So, encouraging them to maintain their normal eating routine is a great way for them to feel more connected to their hunger and fullness cues. As a result, they will feel more confident in their ability to eat more intuitively when dinner time finally rolls around.
#2 Don't Dismiss the Importance of Hydration
There are plenty of special beverages that your patients and clients can consume during the holiday and one of those should definitely be water. I know there is nothing special about water when it comes to taste, but when it comes to hydration it’s unmatched. Whether you realize it or not, encouraging your patients and clients to stay hydrated will help them eat more intuitively.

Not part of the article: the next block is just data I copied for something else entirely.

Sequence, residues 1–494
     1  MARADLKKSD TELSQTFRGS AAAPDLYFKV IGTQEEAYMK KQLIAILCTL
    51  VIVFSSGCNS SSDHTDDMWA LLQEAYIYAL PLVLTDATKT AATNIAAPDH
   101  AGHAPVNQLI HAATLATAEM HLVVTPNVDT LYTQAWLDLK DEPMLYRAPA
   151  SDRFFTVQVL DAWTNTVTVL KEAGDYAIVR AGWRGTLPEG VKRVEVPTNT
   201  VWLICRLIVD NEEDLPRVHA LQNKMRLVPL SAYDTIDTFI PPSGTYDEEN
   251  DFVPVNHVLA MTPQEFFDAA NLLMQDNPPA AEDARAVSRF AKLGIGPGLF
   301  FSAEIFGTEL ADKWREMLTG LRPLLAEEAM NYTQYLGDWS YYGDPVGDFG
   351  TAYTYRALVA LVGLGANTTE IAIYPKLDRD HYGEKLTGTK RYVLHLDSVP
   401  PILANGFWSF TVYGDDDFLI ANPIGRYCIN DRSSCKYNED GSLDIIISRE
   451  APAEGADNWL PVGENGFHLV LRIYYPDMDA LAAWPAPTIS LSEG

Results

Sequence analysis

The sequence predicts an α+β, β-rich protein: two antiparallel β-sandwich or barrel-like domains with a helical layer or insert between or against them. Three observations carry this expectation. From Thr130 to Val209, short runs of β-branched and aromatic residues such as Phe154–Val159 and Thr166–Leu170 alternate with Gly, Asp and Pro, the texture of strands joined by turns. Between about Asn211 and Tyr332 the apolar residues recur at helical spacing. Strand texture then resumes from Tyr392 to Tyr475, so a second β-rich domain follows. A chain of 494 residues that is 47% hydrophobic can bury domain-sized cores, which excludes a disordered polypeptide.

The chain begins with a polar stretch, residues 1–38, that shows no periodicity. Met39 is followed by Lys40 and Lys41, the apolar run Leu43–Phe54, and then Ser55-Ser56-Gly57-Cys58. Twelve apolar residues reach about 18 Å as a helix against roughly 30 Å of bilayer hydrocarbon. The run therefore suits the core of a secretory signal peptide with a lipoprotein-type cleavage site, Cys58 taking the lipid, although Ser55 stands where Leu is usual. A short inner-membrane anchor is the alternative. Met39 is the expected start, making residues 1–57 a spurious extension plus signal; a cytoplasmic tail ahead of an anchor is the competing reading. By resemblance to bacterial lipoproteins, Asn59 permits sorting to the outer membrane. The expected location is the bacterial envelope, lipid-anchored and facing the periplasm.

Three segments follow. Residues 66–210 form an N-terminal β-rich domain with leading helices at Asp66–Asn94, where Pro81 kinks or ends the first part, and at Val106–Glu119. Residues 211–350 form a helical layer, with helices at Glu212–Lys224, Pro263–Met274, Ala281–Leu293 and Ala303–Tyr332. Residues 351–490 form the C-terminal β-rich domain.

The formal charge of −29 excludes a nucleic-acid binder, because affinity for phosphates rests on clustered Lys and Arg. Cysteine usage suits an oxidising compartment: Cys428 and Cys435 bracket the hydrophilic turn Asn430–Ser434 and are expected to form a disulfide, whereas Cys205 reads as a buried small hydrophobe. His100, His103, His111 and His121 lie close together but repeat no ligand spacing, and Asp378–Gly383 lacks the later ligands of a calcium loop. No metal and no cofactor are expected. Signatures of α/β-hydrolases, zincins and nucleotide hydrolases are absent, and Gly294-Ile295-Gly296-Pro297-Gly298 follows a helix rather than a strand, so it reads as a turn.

A key thing to remember is that intuitive eating helps your patients and clients in developing a healthier relationship with food which allows them to make more nutritious food and beverage choices.  Even though there might be a temptation to encourage them to avoid certain things, the restriction can become a bit of a slippery slope during the holidays.
Instead, encouraging them to add another glass or two of water during the day is a great health-promoting behavior. Not only are they nourishing their bodies, but they’re ensuring that they don’t confuse thirst with hunger which will help them eat more intuitively.
#3 Make a Plan for Leftovers